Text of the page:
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A Mesmerising Collection of Carp Streamers at the National Art Center, Tokyo.

Higher than the roof-tops are the koinobori The large carp is the father The smaller carp are the children They seem to be having fun swimming. Koinobori song, a popular Japanese children’s song (lyrics by Miyako Kondo) Japanese art lovers have long had a soft spot for Impressionism, which is the subject of the main exhibition at the National Art Center, Tokyo (NACT). “Impressionist Masterpieces from the E.G. Buehrle Collection,” has predictably attracted a large number of visitors eager to… Read more »

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Teien Museum Re-opens with an Intriguing Exhibition, “Decoration Never Dies, Anyway”

November marked the long-awaited re-opening of the Tokyo Metropolitan Teien Art Museum, where I recently had the luck of enjoying some behind-the-scenes access to the installation of a lively and challenging new exhibition, the intriguingly entitled “Decoration Never Dies, Anyway.” The exhibition, which brings together contemporary artists from around the world, has turned the museum, a private residence built in the Art Deco style of the 1930s, into a delightful journey of the unexpected, enabling visitors to explore over 60… Read more »

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Bijinga – The World of Shoen Uemura’s Beautiful Women

Whenever I host foreign visitors in Tokyo, they invariably comment on the meticulous appearance of Japanese women. Depending on their viewpoint, my friends see this adherence to a particularly Japanese idea of beauty – elegant, modest, and feminine – as (usually) something admirable and aspirational, or (occasionally), evidence of a patriarchal society in which women are encouraged to conform to a tightly-defined aesthetic standard. Regardless of whether you think a focus on appearance is liberating or restricting for women, I… Read more »

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Miya Ando

Artist Miya Ando grew up on the grounds of a Buddhist temple in Japan and in a remote area of California. Her spare and contemplative works in metal, glass and natural materials are filled with light and strength, revealing ancestral influences as the descendent of Nicheren Buddhist monks in Bizen, Japan and the 16th generation of a samurai sword craftsmen family. Her humor and warmth quite possibly come from her father’s Jewish/Russian lineage. Ando was born in the United States… Read more »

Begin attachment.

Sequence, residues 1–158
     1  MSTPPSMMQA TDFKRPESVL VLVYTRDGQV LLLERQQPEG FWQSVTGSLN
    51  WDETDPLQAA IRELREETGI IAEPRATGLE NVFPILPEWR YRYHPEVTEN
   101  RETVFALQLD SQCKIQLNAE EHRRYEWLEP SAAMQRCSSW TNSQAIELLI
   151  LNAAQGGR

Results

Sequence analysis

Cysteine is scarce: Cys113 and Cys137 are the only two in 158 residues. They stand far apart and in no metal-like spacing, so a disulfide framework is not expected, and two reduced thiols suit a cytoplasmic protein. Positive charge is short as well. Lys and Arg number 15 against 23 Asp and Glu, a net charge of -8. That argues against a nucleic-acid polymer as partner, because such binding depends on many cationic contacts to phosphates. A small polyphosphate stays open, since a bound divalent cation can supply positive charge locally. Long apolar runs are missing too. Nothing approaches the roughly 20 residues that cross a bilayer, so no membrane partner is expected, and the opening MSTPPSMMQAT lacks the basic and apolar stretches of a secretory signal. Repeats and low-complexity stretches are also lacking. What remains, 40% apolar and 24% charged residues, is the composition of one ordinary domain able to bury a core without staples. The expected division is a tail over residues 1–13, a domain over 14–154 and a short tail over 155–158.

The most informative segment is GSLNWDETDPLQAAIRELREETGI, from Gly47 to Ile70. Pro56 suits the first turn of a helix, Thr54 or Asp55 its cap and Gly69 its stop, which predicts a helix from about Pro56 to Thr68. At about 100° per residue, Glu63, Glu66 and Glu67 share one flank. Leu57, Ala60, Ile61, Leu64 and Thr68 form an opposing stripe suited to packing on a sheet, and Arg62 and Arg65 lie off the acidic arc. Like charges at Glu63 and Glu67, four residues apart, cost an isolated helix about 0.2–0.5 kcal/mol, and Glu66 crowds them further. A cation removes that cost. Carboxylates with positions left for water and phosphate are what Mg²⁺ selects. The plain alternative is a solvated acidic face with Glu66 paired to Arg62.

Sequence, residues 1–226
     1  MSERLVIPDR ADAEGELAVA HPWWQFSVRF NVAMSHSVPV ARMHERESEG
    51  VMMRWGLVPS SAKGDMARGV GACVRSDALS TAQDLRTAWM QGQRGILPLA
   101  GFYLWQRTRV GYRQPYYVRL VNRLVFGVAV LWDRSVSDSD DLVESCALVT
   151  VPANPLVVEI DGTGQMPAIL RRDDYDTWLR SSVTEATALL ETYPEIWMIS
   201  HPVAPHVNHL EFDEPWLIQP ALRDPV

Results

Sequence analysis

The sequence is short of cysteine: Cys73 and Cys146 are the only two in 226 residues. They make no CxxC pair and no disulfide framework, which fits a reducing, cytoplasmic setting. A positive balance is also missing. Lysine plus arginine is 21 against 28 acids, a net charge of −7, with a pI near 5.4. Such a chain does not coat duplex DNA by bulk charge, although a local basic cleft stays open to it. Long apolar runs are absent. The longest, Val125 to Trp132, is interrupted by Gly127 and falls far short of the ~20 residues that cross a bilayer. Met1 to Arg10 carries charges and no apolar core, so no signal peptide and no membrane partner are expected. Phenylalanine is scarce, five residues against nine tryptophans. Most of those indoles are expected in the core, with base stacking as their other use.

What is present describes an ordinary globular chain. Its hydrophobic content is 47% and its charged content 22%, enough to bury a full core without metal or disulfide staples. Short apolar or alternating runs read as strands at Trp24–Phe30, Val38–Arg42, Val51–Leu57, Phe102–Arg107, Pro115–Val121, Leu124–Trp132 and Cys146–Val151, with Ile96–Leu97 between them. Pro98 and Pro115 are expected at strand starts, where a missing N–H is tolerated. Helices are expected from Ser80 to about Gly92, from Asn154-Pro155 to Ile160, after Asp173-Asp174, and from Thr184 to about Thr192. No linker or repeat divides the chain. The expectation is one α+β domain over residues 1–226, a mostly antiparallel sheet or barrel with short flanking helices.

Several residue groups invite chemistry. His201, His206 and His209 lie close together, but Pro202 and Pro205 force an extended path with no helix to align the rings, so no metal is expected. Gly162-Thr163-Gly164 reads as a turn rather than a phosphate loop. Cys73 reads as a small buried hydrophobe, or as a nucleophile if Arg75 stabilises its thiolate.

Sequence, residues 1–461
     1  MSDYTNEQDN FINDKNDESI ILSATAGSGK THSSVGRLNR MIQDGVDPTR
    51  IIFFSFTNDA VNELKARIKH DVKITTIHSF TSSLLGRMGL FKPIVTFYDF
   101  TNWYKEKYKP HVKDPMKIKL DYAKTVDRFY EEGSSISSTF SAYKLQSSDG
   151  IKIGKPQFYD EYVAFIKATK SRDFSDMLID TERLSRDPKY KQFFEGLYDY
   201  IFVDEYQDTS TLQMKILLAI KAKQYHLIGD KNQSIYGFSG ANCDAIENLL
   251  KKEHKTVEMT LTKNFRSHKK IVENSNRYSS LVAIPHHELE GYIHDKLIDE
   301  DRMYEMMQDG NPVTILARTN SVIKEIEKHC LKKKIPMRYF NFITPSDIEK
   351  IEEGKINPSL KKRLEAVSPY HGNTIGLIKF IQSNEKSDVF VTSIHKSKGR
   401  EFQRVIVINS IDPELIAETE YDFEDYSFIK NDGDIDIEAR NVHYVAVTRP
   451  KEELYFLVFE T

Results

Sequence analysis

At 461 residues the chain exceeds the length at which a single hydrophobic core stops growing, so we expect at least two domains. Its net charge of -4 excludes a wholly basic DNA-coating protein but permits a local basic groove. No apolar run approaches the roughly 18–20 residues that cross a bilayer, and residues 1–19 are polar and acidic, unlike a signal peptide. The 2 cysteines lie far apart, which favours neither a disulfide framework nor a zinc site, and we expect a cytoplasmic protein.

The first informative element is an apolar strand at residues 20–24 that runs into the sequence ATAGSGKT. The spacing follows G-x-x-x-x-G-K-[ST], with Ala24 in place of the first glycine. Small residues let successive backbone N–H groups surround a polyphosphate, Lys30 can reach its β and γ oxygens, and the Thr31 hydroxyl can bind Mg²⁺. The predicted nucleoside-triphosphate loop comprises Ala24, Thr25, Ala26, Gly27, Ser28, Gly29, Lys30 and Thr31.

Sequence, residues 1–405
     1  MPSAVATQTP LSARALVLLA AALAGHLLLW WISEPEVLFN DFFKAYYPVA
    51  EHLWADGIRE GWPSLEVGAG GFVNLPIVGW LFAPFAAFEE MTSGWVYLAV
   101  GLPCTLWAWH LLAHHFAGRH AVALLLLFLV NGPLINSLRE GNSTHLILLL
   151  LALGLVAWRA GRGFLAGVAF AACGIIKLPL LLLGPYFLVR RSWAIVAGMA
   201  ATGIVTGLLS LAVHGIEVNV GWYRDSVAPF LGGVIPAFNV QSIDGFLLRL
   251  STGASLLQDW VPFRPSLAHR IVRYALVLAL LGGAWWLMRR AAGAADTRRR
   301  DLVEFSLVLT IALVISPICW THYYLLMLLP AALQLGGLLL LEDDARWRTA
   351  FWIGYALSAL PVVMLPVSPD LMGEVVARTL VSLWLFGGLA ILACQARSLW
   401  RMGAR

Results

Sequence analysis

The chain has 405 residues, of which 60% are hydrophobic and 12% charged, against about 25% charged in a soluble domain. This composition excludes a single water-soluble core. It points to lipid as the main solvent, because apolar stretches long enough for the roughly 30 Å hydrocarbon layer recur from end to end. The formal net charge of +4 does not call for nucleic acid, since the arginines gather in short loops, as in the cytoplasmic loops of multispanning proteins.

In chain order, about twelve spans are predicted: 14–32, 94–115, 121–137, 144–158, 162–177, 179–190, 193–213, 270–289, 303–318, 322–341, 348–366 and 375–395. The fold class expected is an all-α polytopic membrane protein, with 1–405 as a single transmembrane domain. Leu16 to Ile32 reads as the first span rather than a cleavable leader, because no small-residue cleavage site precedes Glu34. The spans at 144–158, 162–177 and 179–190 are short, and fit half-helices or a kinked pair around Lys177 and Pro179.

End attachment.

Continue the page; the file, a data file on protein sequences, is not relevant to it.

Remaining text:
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Stylish Ceramic Tableware and More at Utsuwa Kenshin

Despite being the capital of a nation obsessed with ceramics and contemporary design, Tokyo hosts surprisingly few shops that specialize in contemporary ceramic ware made by artists who, rather than following a time-honored aesthetic tradition, have developed their own distinctive style. So, it is always a joy to visit Utsuwa Kenshin, a small store located halfway between Shibuya and Omotesando in Tokyo. Here, the owner, Kenshin Sato, displays a carefully curated selection of handcrafted ceramics by artists whom he has… Read more »

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Zakka – last chance to delve into “goods and things”

The first thing to catch the eye when you walk into the extraordinary Zakka exhibition at 21_21 Design Sight is the stylized sign bearing the English translation of “zakka” as “goods and things.” What is a “good” and what is a “thing?” I wondered. In the end, this wide-ranging exhibit of retro-paraphernalia, contemporary design, with displays of everything from six-decades old cardboard packaging for toothpaste tubes and mosquito coils, plastic ice cream spoons (yes, really – my main thought was, who… Read more »

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Takashi Murakami’s Kaleidoscopic World

Takashi Murakami’s art works are a cornucopia of ideas, trends and art forms.  As I entered the exhibition space at the Mori Art Museum, I was immediately struck by the force of the huge psychedelic paintings on display. But it was only after taking a couple of breaths and slowly walking around that I began to see the intricate details of the densely packed acrylic paintings. Murakami brings together his own take on Buddhist and Zen iconography, Chinese art, “otaku”… Read more »